Provocations

Cam in the Kitchen: Butter

Inspired by this post on How We Montessori I decided Cam and I should make butter. It’s fairly easy and requires movement. Both excellent qualities for a toddler activity. 

What You’ll Need:

  • a small container, preferably with a screw-top lid such as a small mason jar or tupperware (we used this one)
  • 1/2 pint of heavy cream, get the good stuff because there is only one ingredient and the quality will stand out
  • Raffi’s “Shake Your Sillies Out” (video here)
  • French bread rolls or baguette
  • second container and sieve

What To Do (it looks like a lot of steps, but it’s super simple):

  1. Bring the cream up to room temperature. It’s easiest just to leave it on the counter for awhile.
  2. Pour the cream into the container leaving some room at the top so it can slosh around.
  3. Put on the song and start shaking. I suggest taking turns with your child as they may not be the most efficient shaker. This is why I recommend a screw-top lid!
  4. Listen to the cream sloshing around. After a few minutes (3-5) you’ll notice that it isn’t sloshing anymore. If you open it to check, you’ll notice that it’s quite thick and starting to look like whipped butter. 
  5. Keep shaking. After a few more minutes you’ll notice that you hear sloshing again. This is the fat (butter) separating from the buttermilk (not exactly like the buttermilk you buy in the store). You can check on it a couple more times. Each time you’ll notice that the butter is coming together more and more. Feel free to taste at every stage. Cam did!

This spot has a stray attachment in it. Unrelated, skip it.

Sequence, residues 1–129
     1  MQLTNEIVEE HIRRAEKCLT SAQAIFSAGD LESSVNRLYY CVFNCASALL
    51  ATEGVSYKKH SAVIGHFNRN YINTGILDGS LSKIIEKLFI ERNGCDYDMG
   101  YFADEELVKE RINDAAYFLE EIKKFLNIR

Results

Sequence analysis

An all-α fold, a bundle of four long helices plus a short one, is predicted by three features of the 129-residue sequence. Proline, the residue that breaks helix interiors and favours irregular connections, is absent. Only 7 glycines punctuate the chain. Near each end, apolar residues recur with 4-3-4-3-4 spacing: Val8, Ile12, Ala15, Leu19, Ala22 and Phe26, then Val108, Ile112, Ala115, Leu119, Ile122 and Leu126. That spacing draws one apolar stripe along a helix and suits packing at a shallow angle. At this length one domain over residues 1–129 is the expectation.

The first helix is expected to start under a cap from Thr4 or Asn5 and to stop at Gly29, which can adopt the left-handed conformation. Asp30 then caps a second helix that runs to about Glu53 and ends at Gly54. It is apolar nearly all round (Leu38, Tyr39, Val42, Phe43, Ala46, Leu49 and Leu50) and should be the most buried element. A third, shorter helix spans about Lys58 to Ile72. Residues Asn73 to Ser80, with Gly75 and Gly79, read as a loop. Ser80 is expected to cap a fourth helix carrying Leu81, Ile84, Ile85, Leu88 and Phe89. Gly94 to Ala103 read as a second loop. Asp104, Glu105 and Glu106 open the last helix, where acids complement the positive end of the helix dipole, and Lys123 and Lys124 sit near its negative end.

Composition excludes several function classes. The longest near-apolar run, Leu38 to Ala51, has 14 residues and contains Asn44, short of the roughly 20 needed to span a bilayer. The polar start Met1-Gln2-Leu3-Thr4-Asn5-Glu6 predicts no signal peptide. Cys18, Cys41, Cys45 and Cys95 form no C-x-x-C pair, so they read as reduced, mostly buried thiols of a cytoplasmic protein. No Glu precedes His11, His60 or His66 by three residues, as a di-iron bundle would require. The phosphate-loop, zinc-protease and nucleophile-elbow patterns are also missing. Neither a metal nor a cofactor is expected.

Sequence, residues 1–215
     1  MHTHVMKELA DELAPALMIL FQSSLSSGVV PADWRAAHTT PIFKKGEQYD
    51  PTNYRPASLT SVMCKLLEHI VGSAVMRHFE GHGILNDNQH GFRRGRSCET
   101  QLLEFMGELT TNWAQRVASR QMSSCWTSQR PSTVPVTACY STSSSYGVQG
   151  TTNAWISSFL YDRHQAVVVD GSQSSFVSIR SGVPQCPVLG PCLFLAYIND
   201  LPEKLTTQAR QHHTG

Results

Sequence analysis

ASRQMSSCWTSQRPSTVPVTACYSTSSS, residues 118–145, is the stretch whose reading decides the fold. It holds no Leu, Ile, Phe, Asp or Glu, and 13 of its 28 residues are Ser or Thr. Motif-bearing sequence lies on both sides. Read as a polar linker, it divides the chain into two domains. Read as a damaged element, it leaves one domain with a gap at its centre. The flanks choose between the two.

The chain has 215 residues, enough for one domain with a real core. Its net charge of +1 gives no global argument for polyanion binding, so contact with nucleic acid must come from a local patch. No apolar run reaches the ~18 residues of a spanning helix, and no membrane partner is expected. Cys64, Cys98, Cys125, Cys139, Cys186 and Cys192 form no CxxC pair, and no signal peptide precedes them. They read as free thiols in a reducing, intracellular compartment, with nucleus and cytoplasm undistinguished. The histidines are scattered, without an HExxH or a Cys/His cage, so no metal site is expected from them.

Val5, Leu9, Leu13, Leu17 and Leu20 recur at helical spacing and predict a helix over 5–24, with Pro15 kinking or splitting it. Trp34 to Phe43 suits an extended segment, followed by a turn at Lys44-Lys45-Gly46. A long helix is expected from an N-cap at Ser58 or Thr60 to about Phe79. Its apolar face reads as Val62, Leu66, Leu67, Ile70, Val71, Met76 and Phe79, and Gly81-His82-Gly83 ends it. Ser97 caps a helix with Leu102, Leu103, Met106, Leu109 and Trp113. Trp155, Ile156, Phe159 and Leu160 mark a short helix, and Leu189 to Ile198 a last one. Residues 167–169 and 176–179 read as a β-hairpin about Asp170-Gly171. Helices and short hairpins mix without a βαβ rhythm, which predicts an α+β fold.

6. When it’s a consistency you’re happy with pour the buttermilk out into another container through the sieve. This will catch the butter if it falls out. You can save the buttermilk to use in baking (such as biscuits, see here for our recipe).
  7. Spread your fresh butter on the bread and enjoy!

Coming Back to Montessori

I’ve noticed a couple behaviors with Cam that have become habits that I want her to break out of. She is acting less independently lately and she isn’t focusing on activities for long. Part of this I think comes from wanting to connect with me (which is why we do the breathing in and breathing out) and part comes from the age.

I know she is capable of being both independent and focused. If I can’t join her and we’ve had some good connection time, she will often wander off and become engrossed with a game or activity. I tend to be a bit scattered, and sometimes won’t sit down with her immediately or continuously, so she is probably mimicking me in that regard. However, I also think she wants the connection with me so she tries to find that by joining me or nagging until I turn my focus on her.

I also wonder if she’s going through a little crisis in confidence that seems to come with the age. She is suddenly incredibly verbal and physically capable and maybe we have become inconsistent in responding to her and helping her because she is also acting needy. Whatever the reasons, I know she can do it and I know she has formed some bad habits that we now need to break.

So I want to foster a bit more concentration and independence and what better way than to put out some Montessori activities and fall back on some of the Montessori principles. I know some may quibble with a cherry-picked approach (to any educational method), but I think it’s a good idea to tailor learning to the child and their specific needs. Cam, in the past, has not really responded to the Montessori activities, but I think by aging them down, making them simple and easily achievable, and connecting with her over the presentations I can help foster her confidence and then begin to slip in the independence and focus training.